From the current issue of The Catholic Key:
By Santiago Ramos
There are two kinds of television writing: that which sounds like television writing, and that which sounds better than television writing. Critical discernment between the two is largely intuitive. This sounds like a cop-out, sure. Sometimes, however, something strikes us, and we notice that it strikes us, before we can reflect on it in depth. We know the “better than” writing when we hear it, and a sign of it is that we become interested in learning the names of the show’s executive producers. Caprica and Mad Men are “better than”; we know the names Ronald D. Moore and Matthew Weiner because they write well.
The writing on V, the new science fiction show on ABC, is, sadly, simply television writing. There was a shuffle at the position of executive producer early on in the show’s history, and what IMDB lists at this point is a triumvirate—Scott Rosenbaum, Scott Peters, and Jace Hall. This perhaps makes crafting a unified vision for the show (in the style of Moore or Weiner) more difficult, and this is unfortunate, because the premise of the show (lifted from a television series also titled “V” from the early 1980s) could be a fruitful one. But the premise is frustrated by stock phrasing in dialogue and melodramatic blocking, and it is enervated by the fact that the writers chose to make the V evil in a boring way, instead of in an alternate, more interesting way which was within their grasp.
The interesting premise has to do with aliens. Twenty-nine ships arrive one day from a distant planet and plant themselves, hovering, above all the major cities in the world. The aliens are called the V (for Visitors), and their leader is a slender and tall female of the species named Anna (Morena Baccarin). Anna declares that they come in peace (“We are of peace” is her mantra), and that they are in need of resources for their species which only the Earth can supply. In exchange, the V will serve humanity with their advanced technology, first by creating medical centers which can cure many human illnesses—for free. The television journalist Chad Decker (Scott Wolf)—who from the first episode has been coerced by the V into favorable reporting of their activities—actually utters the phrase, “Universal health care.”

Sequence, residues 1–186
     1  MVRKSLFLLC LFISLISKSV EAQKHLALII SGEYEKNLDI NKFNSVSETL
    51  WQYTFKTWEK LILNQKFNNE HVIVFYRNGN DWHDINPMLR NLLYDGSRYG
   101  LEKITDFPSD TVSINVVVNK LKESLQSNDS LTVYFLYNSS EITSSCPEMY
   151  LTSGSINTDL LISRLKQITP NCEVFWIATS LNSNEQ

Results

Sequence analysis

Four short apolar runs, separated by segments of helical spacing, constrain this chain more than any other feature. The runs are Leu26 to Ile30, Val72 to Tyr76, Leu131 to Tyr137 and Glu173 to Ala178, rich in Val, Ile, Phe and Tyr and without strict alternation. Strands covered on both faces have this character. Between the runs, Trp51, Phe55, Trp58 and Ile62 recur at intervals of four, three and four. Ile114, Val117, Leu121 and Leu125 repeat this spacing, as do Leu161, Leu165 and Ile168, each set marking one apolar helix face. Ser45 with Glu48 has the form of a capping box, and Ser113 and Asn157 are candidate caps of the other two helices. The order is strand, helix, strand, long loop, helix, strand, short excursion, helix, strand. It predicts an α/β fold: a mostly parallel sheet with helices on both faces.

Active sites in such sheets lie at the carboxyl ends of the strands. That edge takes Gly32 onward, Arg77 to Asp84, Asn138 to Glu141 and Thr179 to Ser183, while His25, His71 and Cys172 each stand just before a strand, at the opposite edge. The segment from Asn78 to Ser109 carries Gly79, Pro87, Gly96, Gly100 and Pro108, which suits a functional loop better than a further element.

That’s not the only reason why the show was interpreted by some to be an anti-Obama allegory. The V are constantly talking about bringing “hope” to humanity; they create for themselves a Messianic role in the world. A resistance cell forms against the V, led by an FBI agent, Erica Evans (Elizabeth Mitchell), and a priest, Fr. Jack Landry (Joel Gretsch). Both of these characters find their initial skepticism about the V’s noble intentions quickly corroborated: they “need us for something,” and that they will eventually wipe us out. For Fr. Landry, the V pose a more complex dilemma. The older priest in his parish has—following a decree from the Vatican—placed his trust in the V, and he constantly talks about the “hope” that they bring to humanity. Landry, however, finds it difficult to reconcile hope in God with hope in the V. This is where the writers lost their chance to make the V interesting villains.
The writers make the question of whether we should place our hope in the aliens too easy. We learn from the pilot episode that the V are manipulative, unfeeling, and evil; we know from the beginning that the show will play the Star Wars tune of a small band of rebels against a big black spaceship. When a member of the resistance cell tells Fr. Landry, in a melodramatic, TV-writing way, “Pretty soon you’re gonna need to decide what you are: a priest or a soldier,” I knew the show was lost.
Precisely because Landry is a priest, he is positioned to think interestingly about what human beings should stake their hope in. When the V make a lame man walk right in front of him (in the most poignant scene of the series thus far), we see a direct challenge to Landry’s faith in the most concrete sense possible. Instead of taking pot-shots against the president, and then descending into the underdogs v. evil empire cliché, this show could have been a dramatic question on the nature of hope, on what we hope for, on its ultimate horizon.
This is a show that wants to be great. It apes the formula of the late, great Battlestar Galactica: adopt a tacky 1980s sci-fi melodrama, echo some contemporary social concerns, and make the aliens look as human as possible. (Even the show’s soundtrack sounds a lot like Battlestar’s.) What’s missing is subtle ambiguity and complexity—a risk against ratings.
Santiago Ramos is currently pursuing doctoral studies in philosophy at Boston College.